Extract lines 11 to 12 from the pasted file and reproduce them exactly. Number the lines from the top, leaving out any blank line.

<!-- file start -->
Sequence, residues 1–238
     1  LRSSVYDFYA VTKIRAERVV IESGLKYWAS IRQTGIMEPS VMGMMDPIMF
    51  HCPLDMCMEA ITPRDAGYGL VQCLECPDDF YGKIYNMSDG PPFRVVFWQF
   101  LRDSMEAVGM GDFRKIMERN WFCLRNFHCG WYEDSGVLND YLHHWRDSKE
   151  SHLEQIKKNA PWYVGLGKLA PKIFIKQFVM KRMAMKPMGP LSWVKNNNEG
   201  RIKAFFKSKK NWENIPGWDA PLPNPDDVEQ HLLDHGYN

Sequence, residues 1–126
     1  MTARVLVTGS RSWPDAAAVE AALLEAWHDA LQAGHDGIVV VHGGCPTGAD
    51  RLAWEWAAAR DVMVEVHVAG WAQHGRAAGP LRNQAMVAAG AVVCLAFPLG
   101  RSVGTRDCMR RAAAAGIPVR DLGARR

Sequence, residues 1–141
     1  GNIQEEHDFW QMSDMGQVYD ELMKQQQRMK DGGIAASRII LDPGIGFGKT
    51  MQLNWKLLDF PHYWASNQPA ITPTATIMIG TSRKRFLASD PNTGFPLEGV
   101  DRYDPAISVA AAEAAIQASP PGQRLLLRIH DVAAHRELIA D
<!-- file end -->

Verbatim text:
Sequence, residues 1–141
     1  GNIQEEHDFW QMSDMGQVYD ELMKQQQRMK DGGIAASRII LDPGIGFGKT